This was not always the case. Rooms revenue management started with simple spreadsheets, and reservation managers going off of gut feel about what was going to happen in the future. Simple restrictions were then placed to help achieve a better result than just employing a first come, first served strategy for reservations. And guess what? It worked. Significant revenue gains were achieved by keeping it simple. Don’t misunderstand the point. I am not advocating sending rooms revenue management back to the days of simple spreadsheets. The sophisticated systems of today have better models for forecasting and optimizing demand and yield much better results. These results, though, have come incrementally throughout the years. We got where we are today by starting small.

 We must manage our expectation for revenue management in other revenue streams. People think that if it isn’t as perfect as the process now employed by rooms revenue management, it cannot, or should not, be done. This of course is hogwash. The same principles employed while rooms revenue management was in its infancy can be applied now to the other revenue streams. By starting small, and using simple models, significant gains can still be made. Then, through time and learning from mistakes, more sophisticated models will be built, and allow for even further increases in these areas.

 Finally, another roadblock holding up progress toward total hotel profit optimization is departmental silos. Much has been written and discussed about revenue management and marketing silos, and how they need to work hand-in-hand to provide optimal results. I agree, but these are not the silos that need to be broken down to take us forward in total hotel revenue management. Rather, the silos which must be addressed are those between RM and accounting.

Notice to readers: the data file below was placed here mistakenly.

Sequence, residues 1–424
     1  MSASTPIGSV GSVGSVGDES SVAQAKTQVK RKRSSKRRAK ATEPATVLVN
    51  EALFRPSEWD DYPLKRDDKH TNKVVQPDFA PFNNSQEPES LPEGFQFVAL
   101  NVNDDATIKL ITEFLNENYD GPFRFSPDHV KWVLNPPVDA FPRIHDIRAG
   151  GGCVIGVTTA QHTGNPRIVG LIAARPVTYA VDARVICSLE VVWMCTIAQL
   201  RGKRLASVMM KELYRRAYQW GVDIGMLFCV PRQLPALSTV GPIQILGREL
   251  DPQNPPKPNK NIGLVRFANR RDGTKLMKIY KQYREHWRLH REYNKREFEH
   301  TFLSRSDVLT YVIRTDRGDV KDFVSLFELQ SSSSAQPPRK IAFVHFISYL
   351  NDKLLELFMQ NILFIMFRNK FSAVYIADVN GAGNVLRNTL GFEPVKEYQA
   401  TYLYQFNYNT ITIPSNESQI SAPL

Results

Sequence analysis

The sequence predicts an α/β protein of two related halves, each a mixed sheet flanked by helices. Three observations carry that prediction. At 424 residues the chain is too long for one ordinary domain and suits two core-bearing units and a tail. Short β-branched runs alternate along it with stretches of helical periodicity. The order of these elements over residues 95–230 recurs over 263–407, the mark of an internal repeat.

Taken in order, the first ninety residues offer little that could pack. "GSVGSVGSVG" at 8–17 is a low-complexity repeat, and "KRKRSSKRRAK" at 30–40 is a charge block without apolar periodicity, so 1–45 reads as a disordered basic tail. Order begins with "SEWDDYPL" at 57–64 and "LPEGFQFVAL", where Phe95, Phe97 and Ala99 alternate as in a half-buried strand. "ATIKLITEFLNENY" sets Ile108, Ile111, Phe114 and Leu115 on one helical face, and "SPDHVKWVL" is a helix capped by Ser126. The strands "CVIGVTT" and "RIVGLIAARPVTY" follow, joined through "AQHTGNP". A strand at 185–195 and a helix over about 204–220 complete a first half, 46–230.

As stated earlier, no matter what metric the industry settles on to maximize total hotel revenue management, it is clear that the common element will need to be profit based. The accounting discipline has been working towards maximizing profits for much longer than RM has been maximizing top line room revenues. Therefore, it is necessary for revenue management to take advantage of the expertise in this area. Accounting has built extremely dynamic and sophisticated systems of their own, mostly focused on containing costs. This is only one side of the profit equation though, and in order to maximize profits, both revenue and costs must be managed in tandem.

 The needs here will become more obvious as revenue management embarks on the road to total hotel revenue management. More refined views of profit levels will become apparent, breaking down in ways of segmentation that perhaps we have not yet begun to uncover. But it is obvious that the needs are there, and starting to break down these silos will be an important first step in the process.

 While there are many obstacles in making these next strides for revenue management, ours is the discipline that is best poised to take them on. Relying on the people that we have acquired through the years who have skills in business acumen, coupled with the fact that the hotel revenue management culture has finally taken hold throughout the industry, the revenue management renaissance is upon us. It is incumbent upon leaders in revenue management to bring the industry to the next level of total hotel revenue management, thus leading us to total hotel profit optimization.